But Eltahawy adds defiantly: “So what? I broke it to make a point of principle. Eleven years after the 9/11 attacks, American Muslims are still being bullied and vilified.”
Indeed, Eltahawy tries hard to make the case that there is at least some “coincidental correlation” between the ads that denounce violent jihad as savage and various incidents of anti-Muslim violence and bigotry. Her article opens with a reference to a recent arson attack on the Islamic Center of Greater Toledo:
“Five days after I spraypainted over a racist and bigoted advertisement in the New York subway, a man set fire to my brother''s local mosque. He struck just a few hours after the mosque''s kindergarten had been filled with children at Sunday school, including my four nieces and nephews.
It was a coincidental correlation but there was nothing casual about either the hate speech on the walls of the subway […] or the arson in Ohio, which was described as an ‘act of terrorism’ by officials who announced federal hate crime charges against the suspect.”
Leaving aside the fact that Eltahawy of course knows full well that the accused arsonist was reportedly motivated by his anger about recent anti-American violence in the Middle East, it is noteworthy that it apparently wouldn’t occur to her that, due to the fanaticism of violent jihadis, hundreds of thousands of Israeli children live daily under the threat that her nieces and nephews might have faced attending Sunday school in a mosque in Ohio.
One could also recall in this context the terrorist attack on a religious seminary in Jerusalem in spring 2008 that resulted in the killing of eight students and the wounding of 11 others – a result that was cheered and celebrated by Hamas supporters in Gaza.
In the world of Mona Eltahawy, it is “anti-Muslim” to denounce any of this as savage. And in Mona Eltahawy’s world it is also “anti-Muslim” to point out that there is not just a “coincidental” but a very direct “correlation” between the thousands of rockets aimed at Israeli civilians as well as the many brutal terrorist attacks and the ringing endorsements of a divinely ordained genocidal battle against the Jews by leading clerics like Yusuf al-Qaradawi, who – according to Eltahawy herself – is “mainstream” and “commands a huge audience on and off the satellite channels.”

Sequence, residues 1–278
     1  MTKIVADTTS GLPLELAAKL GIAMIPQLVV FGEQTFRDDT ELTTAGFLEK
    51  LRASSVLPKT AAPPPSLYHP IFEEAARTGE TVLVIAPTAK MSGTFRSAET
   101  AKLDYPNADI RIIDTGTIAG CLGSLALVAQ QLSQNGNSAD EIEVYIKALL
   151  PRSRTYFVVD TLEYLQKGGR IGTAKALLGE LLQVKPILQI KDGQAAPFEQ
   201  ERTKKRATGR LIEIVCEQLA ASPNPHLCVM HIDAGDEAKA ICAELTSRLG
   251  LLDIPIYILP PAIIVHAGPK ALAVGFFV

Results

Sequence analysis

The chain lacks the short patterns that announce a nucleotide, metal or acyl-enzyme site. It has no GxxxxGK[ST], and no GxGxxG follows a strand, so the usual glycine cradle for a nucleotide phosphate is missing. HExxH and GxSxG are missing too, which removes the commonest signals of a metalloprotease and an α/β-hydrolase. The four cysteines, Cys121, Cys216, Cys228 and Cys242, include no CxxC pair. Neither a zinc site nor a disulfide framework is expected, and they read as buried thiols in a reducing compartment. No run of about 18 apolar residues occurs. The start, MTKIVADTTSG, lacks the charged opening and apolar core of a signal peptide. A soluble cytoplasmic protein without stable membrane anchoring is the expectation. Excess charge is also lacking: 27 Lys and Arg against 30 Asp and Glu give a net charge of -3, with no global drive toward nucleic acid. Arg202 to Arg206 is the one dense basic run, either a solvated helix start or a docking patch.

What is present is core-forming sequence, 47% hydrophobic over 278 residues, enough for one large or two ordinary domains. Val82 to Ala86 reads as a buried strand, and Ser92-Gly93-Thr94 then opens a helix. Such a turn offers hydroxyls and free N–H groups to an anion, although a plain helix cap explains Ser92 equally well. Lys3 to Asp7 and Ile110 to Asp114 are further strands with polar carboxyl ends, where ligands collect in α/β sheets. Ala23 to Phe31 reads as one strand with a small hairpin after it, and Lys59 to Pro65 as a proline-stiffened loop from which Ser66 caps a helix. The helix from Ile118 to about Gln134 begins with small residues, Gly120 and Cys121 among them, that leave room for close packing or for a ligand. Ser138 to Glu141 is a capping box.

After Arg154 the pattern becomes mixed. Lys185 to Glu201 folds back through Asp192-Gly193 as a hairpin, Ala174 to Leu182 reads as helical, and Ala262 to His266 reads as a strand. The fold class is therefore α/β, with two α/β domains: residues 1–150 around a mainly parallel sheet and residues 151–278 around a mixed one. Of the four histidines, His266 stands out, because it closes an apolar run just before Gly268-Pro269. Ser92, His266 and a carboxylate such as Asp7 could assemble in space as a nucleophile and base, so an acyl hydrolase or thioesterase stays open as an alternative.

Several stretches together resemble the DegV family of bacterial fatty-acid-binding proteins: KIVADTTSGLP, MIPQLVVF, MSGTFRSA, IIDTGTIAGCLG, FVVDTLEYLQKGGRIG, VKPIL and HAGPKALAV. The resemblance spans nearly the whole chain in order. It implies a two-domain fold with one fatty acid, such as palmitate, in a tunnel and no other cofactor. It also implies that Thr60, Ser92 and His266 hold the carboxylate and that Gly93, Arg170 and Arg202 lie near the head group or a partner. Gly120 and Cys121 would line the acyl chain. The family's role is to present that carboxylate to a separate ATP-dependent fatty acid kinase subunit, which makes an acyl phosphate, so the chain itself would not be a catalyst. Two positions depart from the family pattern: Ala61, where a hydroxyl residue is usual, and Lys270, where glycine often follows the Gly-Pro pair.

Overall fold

While Eltahawy would not hesitate to express her loathing of Qaradawi’s views on women in the strongest terms, she apparently takes no offense when Qaradawi tells his “huge audience” of followers that the extermination of Jews by Muslims is divinely ordained – so much so that even the “stones and trees” will do their part by betraying any Jew who might hide behind them.
Whether Eltahawy and her supporters like it or not, the kind of Jew-hating jihad preached by Qaradawi and recently threatened by the Supreme Guide of Egypt’s  Muslim Brotherhood is indeed savage in the context of 21st century civilization.
The claim that it is “anti-Muslim” to say so unfortunately makes sense only if one accepts that Qaradawi’s Jew-hatred is and should be part of mainstream Muslim beliefs. Mona Eltahawy seems to accept that when she rails against the condemnation of jihad as savage and adopts the hashtag #ProudSavage, but fails to even acknowledge the appalling ideology and acts of the violent jihadists of our time.
 
Rather bizarrely, she concludes her CiF-article by emphasizing that her nieces – who apparently live in the US – “will not grow up to be scared or apologetic for being Muslim, or Egyptian, or brown.” She also praises the “refusal to be intimidated by bullies” shown by many young Muslims who “were just 10 or 11 when 9/11 happened, and […who] refuse to apologise for something they had nothing to do with.”
Very different from what Eltahawy suggests, nobody who wants to be taken serious will demand that young Muslims apologize for “something they had nothing to do with.” But it is entirely reasonable and justified to expect Muslims – whether younger or older – to understand that demands to ignore the horrors advocated and perpetrated by violent jihadis won’t do much to combat anti-Muslim bigotry.
Mona Eltahawy clearly doesn’t understand that and concludes her article declaring: “The only hashtag I will consider is #ProudSavage.”